Provide Verification if Required

There may be a note on your SAR informing you that you’ve been selected for verification, or a college may contact you later to inform you that they have selected you for verification. Verification is the process that the Federal Student Aid (FSA) office and colleges use to confirm that your FAFSA data is correct. If you’re selected for verification, you’ll be told what you need to do to verify the information on your FAFSA.

Don’t assume that there’s a problem if you’re selected for verification. Some applicants are selected for verification at random by the FSA office. There are many colleges that verify the FAFSA information of all applicants as a matter of policy. 

Accepting Financial Aid

Your task when you receive an Aid Offer is to understand the components of the package that’s being offered to you. You may accept some or all of the components. Have a plan to accept or decline components that have been offered before you respond to the Aid Offer.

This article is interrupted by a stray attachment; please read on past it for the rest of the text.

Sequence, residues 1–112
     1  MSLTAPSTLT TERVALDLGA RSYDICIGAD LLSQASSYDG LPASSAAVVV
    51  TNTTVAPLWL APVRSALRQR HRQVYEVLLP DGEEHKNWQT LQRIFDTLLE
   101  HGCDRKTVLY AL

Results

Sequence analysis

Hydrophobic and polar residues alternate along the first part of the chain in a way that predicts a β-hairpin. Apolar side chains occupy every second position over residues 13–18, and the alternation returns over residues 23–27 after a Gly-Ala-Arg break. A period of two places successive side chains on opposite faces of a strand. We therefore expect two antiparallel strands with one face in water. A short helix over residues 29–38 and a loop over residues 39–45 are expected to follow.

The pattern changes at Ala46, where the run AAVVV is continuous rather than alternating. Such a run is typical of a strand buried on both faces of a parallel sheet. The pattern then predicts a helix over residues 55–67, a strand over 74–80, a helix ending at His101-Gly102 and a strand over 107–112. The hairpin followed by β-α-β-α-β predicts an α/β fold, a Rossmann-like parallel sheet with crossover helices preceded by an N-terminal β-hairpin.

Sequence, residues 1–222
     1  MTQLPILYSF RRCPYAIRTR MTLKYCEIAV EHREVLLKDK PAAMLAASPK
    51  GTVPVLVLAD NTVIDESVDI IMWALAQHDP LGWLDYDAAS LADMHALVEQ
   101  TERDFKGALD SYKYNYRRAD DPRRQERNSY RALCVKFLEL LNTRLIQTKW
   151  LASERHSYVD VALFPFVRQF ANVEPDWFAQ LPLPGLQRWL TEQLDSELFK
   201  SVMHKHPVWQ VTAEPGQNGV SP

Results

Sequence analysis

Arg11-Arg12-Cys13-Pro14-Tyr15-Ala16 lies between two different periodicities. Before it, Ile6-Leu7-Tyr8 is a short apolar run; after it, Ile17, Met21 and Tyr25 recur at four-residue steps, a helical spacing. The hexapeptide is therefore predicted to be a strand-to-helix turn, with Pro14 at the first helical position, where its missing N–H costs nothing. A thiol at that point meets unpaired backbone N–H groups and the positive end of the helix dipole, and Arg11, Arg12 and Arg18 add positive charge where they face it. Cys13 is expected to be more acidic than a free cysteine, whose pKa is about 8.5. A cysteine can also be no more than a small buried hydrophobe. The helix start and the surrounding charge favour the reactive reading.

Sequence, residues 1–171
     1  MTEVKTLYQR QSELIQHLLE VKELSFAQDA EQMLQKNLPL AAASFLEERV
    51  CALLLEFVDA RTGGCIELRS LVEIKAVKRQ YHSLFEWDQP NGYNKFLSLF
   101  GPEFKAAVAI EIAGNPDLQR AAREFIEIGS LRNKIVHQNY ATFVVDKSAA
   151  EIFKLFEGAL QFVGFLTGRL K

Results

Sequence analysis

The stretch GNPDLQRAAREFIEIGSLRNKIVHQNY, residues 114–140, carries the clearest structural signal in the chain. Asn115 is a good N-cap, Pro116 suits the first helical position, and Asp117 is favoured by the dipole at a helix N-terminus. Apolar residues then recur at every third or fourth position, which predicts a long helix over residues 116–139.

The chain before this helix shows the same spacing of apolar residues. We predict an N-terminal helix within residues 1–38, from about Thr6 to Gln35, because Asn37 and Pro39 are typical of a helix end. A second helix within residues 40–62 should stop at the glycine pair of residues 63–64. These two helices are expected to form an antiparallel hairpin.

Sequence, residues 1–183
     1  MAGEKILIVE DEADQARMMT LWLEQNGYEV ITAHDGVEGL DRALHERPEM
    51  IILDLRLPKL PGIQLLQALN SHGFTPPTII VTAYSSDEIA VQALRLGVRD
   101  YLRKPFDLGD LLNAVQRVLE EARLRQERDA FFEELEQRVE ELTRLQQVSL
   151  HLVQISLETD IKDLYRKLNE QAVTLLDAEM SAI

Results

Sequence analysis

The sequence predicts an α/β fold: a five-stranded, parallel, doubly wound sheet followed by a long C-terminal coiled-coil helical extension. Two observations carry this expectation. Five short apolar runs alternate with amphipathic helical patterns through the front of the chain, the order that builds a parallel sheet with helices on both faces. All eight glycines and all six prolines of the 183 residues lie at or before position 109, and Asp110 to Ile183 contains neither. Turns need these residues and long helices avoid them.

• Scholarships and Grants

Scholarships and grants don’t need to be repaid but they often have contractual conditions that you must abide by to remain eligible. Make sure you understand these conditions. You might need to maintain a certain grade-point average to continue to receive a scholarship, or a grant might convert into a loan if you don’t teach after graduation for a certain period of time under specific conditions.

  • Work Study Programs

You’ll need to do the work as prescribed in the Aid Offer, so be confident that you can balance your time between work and study so that you’ll be able to do both well.